Cannabinoids, cannabis, and cannabis-based medicines for pain management: an overview of systematic reviews

Research output: Contribution to journalArticle

Abstract

Cannabinoids, cannabis and cannabis-based medicines (CBM) are increasingly used to manage pain, with limited understanding of their efficacy and safety. We assessed methodological quality, scope, and results of systematic reviews of randomised controlled trials (RCTs) of these treatments.
Several search strategies sought self-declared systematic reviews.
Methodological quality was assessed using both AMSTAR-2 and techniques
important for bias reduction in pain studies. Of 106 papers read, 57 were selfdeclared
systematic reviews, most published since 2010. They included any type of cannabinoid, cannabis, or CBM, at any dose, however administered, in a broad range of pain conditions. No review examined the effects of a particular cannabinoid, at a particular dose, using a particular route of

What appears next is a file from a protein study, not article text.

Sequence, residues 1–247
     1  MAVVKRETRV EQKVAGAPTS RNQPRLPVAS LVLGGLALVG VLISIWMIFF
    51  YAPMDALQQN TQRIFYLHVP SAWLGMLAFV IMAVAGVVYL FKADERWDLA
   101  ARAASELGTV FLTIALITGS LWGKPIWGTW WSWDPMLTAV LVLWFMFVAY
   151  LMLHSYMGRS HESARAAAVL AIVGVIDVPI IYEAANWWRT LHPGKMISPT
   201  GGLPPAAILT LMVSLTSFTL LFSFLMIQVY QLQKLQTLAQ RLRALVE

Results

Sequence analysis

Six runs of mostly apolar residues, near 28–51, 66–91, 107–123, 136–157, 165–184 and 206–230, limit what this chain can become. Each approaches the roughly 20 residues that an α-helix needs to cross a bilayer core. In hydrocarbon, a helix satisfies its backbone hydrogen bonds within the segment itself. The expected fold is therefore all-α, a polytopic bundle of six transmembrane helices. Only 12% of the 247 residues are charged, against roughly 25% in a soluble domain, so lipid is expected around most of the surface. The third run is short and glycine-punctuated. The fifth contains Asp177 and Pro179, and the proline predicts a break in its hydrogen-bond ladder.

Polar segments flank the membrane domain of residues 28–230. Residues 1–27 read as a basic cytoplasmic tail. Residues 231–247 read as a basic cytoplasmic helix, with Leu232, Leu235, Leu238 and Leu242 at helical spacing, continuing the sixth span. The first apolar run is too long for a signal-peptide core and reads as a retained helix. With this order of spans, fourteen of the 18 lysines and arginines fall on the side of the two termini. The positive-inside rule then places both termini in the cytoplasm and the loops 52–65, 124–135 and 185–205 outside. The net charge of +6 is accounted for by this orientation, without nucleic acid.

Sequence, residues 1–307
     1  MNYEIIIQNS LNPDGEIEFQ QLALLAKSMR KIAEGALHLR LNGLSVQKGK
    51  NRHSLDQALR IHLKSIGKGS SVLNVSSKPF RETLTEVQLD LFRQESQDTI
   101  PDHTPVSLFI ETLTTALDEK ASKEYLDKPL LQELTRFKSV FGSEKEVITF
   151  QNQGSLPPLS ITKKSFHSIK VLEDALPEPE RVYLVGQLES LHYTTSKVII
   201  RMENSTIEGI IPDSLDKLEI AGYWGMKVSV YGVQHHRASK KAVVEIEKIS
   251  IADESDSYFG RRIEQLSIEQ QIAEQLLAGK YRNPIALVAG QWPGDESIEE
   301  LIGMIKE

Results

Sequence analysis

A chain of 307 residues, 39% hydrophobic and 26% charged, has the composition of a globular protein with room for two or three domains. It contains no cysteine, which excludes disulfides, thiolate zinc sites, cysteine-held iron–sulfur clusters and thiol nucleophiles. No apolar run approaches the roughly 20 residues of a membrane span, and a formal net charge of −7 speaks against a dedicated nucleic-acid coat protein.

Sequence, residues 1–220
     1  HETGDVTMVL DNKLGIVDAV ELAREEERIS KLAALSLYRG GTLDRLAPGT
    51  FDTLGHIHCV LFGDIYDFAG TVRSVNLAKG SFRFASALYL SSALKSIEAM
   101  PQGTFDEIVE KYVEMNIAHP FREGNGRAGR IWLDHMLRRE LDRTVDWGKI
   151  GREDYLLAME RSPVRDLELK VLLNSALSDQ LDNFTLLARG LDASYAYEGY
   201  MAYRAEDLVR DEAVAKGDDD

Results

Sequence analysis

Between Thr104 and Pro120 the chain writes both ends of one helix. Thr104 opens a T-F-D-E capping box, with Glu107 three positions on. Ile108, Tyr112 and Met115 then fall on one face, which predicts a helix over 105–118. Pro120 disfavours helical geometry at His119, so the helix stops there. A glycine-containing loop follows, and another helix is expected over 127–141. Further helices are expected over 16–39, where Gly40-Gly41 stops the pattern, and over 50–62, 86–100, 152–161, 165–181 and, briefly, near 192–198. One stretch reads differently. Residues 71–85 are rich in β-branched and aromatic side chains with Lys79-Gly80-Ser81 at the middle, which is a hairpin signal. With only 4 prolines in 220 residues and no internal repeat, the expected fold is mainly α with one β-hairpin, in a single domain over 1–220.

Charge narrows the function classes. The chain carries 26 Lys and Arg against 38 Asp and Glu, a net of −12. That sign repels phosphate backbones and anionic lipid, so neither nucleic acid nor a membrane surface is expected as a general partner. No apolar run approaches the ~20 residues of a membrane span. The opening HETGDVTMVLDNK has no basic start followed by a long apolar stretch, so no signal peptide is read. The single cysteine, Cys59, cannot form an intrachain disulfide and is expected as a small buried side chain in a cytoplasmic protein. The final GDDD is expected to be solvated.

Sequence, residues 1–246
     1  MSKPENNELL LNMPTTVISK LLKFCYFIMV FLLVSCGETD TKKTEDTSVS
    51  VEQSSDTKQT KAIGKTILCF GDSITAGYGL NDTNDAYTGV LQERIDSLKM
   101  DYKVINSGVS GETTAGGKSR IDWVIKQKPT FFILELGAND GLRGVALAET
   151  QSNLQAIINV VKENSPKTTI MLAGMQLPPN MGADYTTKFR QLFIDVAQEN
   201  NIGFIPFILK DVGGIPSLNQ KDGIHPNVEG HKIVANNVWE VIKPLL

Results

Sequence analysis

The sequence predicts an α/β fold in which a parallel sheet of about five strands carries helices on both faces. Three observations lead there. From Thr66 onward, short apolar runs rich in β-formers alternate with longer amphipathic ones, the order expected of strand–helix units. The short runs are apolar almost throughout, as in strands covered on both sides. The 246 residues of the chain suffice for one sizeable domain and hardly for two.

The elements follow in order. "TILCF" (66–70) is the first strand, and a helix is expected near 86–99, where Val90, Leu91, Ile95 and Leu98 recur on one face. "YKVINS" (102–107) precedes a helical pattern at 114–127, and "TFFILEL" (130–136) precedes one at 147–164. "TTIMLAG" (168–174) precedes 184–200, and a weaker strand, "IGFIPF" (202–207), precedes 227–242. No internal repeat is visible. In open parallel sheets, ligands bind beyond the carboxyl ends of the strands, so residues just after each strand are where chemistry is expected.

administration, for a particular pain condition, reporting a particular
analgesic outcome.
Confidence in the results in the systematic reviews using AMSTAR-2 definitions was critically low (41), low (8), moderate (6), or high (2). Few used criteria important for bias reduction in pain. Cochrane reviews typically
provided higher confidence; all industry-conflicted reviews provided
critically low confidence. Meta-analyses typically pooled widely disparate
studies, and, where assessable, were subject to potential publication bias.
Systematic reviews with positive or negative recommendation for use of cannabinoids, cannabis, or CBM in pain typically rated critically low or low (24/25 [96%] positive; 10/12 [83%] negative).
Current reviews are mostly lacking in quality and cannot provide a basis for
decision-making. A new high-quality systematic review of RCTs is needed to
critically assess the clinical evidence for cannabinoids, cannabis or CBM in
pain.
Original languageEnglish
JournalPain
Publication statusAcceptance date - 22 May 2020

Cite this